Marxist Literary Theory - A Level English Literature Site

Interpreting literature focus on the
representation of class conflicts and depiction
of social classes.
Analyses the social and political meanings of
literature, sometimes reinforcing them.
Marxist critics will view the literature as a
reflection of the social institutions of that time.
Social change occurs from the struggle
between the different classes of society.
Often championing authors sympathetic to
the working classes, eg; ‘Tess’ of the
D’Urbervilles or (‘Nick’ in Gatsby?).
‘a work of literature is not a result of divine
inspiration or pure artistic endeavour, but
that it arises out of the economic and
ideological circumstance surrounding it’s
Marxist theory suggests that an author, such
as Hardy or Fitzgerald, is implying
something about the society in which they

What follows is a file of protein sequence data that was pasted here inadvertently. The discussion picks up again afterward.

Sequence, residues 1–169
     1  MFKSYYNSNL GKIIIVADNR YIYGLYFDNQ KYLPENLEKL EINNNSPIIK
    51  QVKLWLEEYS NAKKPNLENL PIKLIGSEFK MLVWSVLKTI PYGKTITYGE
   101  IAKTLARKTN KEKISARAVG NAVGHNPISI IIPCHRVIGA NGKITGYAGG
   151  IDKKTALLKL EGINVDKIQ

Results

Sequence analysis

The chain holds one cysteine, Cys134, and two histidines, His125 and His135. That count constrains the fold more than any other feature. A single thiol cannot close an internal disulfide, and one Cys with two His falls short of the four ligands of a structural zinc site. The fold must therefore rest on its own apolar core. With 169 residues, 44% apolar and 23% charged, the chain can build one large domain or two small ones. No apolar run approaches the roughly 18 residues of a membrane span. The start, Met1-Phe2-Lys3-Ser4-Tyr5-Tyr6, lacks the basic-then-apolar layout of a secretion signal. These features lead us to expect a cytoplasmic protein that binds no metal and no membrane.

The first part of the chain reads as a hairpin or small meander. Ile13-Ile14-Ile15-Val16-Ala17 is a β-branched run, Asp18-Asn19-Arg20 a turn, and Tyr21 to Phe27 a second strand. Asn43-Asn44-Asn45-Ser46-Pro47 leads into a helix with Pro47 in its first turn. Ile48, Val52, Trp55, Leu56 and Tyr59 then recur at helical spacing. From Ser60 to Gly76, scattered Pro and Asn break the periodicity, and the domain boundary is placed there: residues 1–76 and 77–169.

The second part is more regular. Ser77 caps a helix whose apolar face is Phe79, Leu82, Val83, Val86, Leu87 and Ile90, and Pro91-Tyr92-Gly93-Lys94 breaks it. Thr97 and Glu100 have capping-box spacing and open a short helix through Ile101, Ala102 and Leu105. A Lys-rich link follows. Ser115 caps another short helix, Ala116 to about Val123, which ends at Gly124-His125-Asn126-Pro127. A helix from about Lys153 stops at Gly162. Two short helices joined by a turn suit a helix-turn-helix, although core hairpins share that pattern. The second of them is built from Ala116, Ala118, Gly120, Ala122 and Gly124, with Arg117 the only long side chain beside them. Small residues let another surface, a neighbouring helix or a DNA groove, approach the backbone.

live, through their novels; acceptance,
rejection, or another ideology.
Marxism in Tess of the D’Urbervilles
•Tess is represented as working class. A Marxist
critic would consider this to be the reason of
her downfall, rather than the incident with Alec
-she has no secure work/home-the horse
Prince, is the source of their livelihoods.
-Her power derives only from her sexuality
and her role as a agricultural labourer.
-She is deluded by the idea that she is of
higher status.
•There is also conflict in Tess and Angel’s
situation, as she is convinced she is not
worthy of him since he is of a higher
social class, although he insists he does
not believe in the class system of the era.
•However Hardy addresses the idea of
social mobility as Tess becomes wife to
Alec D’Urberville.